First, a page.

Monday, January 12, 2004

Guardian - The Looting of Benin

One West African civilization I neglected to mention was Benin (not to be confused with the modern state formerly called Dahomey). The artistic legacy of Benin is substantial in its own right, and although it shares a great deal in common with that of Ife (with which Benin shared many close links other than the merely artistic), the Edo people gave it an interesting, less realist, interpretation all their own. How fortuitous it is, then, that I came across the above Guardian article, from which the following excerpt is taken:

We set fire to the Queen Mother's house and those of several chiefs; the fire spread uncontrollably and destroyed a large part of the city. The royal palace was also burnt, although we claimed this was accidental. The royal palace of Benin was one of the great cultural complexes of Africa, a continent that, according to Victorians, wasn't supposed to have anything like it. It was a court as big as a European town.

"It is divided into many palaces, houses, and apartments of the courtiers," reads Olfert Dapper's enthusiastic 1668 account, "and comprises beautiful and long square galleries... resting on wooden pillars, from top to bottom covered with cast copper, on which are engraved the pictures of their war exploits and battles... Every roof is decorated with a small turret ending in a point, on which birds are standing, birds cast in copper with outspread wings."


The best ye breed. Ralph Moor, governor of Britain's west African Niger Coast Protectorate, had a problem. British traders were outraged that Oba Ovoranmwen, ruler of the still-independent Benin, demanded customs duties from them. A British officer, Lt James Phillips, set out under Moor's authority to lay down the law to the oba. As Phillips approached Benin City - with eight British officers, 200 porters and a band - he was ambushed. The British officers were killed. Moor now had a casus belli for the annexation of another bit of Africa. The punitive expedition set out two months later, led by Sir Harry Rawson with 1,200 British troops. Oba Ovoranmwen was put on trial and exiled.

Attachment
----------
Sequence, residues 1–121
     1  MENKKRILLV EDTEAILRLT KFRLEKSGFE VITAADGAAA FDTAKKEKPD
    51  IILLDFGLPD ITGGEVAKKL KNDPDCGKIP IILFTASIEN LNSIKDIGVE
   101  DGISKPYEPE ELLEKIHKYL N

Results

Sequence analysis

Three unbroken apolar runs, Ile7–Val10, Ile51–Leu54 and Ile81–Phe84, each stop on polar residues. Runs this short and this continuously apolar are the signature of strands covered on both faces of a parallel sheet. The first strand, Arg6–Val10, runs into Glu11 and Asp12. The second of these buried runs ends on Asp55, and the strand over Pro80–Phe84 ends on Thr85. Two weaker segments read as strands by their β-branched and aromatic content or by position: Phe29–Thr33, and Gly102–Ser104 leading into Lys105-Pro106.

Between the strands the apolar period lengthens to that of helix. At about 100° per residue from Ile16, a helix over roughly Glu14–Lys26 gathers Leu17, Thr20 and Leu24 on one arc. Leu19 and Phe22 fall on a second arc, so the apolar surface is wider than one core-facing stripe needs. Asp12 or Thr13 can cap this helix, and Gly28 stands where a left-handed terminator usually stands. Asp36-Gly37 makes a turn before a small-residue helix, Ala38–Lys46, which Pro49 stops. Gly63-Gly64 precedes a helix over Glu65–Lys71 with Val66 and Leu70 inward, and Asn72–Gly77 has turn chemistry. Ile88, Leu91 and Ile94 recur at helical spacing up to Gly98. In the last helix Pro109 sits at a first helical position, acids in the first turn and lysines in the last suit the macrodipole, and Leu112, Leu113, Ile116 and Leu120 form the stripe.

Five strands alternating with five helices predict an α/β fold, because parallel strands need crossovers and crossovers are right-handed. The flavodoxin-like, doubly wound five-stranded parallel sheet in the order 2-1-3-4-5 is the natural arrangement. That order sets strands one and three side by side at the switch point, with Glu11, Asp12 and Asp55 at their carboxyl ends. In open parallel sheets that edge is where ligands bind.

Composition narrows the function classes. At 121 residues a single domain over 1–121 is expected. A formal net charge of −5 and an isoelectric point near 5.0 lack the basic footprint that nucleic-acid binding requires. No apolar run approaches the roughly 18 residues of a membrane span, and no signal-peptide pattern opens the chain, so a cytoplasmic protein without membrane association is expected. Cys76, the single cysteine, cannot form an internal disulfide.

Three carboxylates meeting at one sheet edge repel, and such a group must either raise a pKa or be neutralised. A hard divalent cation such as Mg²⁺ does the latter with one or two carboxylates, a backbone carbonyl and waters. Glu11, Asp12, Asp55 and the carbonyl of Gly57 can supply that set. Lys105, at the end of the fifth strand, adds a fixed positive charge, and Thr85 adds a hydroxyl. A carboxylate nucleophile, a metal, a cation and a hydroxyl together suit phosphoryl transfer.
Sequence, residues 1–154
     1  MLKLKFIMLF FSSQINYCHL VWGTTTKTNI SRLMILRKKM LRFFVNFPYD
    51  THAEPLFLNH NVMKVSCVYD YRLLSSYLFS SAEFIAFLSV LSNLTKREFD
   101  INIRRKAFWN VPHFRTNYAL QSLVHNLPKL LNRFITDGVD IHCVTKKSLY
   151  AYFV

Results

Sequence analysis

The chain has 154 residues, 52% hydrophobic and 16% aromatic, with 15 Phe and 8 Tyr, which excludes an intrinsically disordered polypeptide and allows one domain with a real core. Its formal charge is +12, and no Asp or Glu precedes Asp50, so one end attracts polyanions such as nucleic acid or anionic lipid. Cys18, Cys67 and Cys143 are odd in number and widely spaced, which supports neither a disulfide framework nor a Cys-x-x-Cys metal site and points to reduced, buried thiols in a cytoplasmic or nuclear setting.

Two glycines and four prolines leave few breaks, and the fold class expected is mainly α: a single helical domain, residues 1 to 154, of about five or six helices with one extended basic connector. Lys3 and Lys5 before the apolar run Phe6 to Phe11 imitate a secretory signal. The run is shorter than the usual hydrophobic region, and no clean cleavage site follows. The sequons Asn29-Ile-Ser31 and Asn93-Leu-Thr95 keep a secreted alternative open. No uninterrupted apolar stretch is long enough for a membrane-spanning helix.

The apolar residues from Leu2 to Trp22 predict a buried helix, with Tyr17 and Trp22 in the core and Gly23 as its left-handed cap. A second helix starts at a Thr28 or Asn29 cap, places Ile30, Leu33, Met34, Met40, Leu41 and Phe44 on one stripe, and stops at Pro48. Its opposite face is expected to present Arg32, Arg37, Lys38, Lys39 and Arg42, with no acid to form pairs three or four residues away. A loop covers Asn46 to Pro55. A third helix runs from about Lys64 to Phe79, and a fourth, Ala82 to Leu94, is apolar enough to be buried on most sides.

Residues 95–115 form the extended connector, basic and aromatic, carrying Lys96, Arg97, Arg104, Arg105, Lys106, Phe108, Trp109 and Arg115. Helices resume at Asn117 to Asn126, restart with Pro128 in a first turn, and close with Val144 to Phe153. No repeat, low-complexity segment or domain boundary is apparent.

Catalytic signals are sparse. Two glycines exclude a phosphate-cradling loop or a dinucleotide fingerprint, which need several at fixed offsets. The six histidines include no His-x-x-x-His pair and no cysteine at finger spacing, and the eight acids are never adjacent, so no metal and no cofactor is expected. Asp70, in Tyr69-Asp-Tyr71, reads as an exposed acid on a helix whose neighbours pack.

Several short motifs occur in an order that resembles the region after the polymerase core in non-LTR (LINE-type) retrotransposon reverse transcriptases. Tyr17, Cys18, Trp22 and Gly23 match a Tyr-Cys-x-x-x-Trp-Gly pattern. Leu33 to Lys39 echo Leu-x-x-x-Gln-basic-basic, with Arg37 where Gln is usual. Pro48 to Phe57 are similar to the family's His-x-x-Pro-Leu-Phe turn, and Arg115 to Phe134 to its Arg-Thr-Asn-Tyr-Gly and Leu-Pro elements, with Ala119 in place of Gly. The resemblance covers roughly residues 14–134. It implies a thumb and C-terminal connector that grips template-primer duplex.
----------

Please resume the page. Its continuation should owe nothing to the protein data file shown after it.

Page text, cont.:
It resembles one of those episodes of cultural misunderstanding that anthropologists love to tell. In fact, Benin had been dealing successfully with Europeans since the 15th century, when the Portuguese began to trade in west Africa. Oba Ovoranmwen had every reason to think he could maintain favourable trading terms with the British. He reckoned without the hysteria of late-Victorian empire-building.


A photograph taken in 1897 shows these very best men sitting among the ruins of Benin, smoking, smiling. On the ground in front of them are treasures of 16th-century art: brass plaques that decorated the pillars of the oba's palace. Nine hundred of these plaques were found in a storehouse, having been removed during redecoration of the palace. Along with these powerful pictorial reliefs, the punitive expedition discovered the rich artistic culture of Benin going back well before Portuguese contact: heads of Queen Mothers and other ancestors - such as the elegant, stately and vigorously alive 16th-century head of a Queen Mother, now in the British Museum - and snakes and hunters, all cast in brass by the lost wax process. Some of these treasures were privately looted. But many were taken back to Britain officially as "reparations".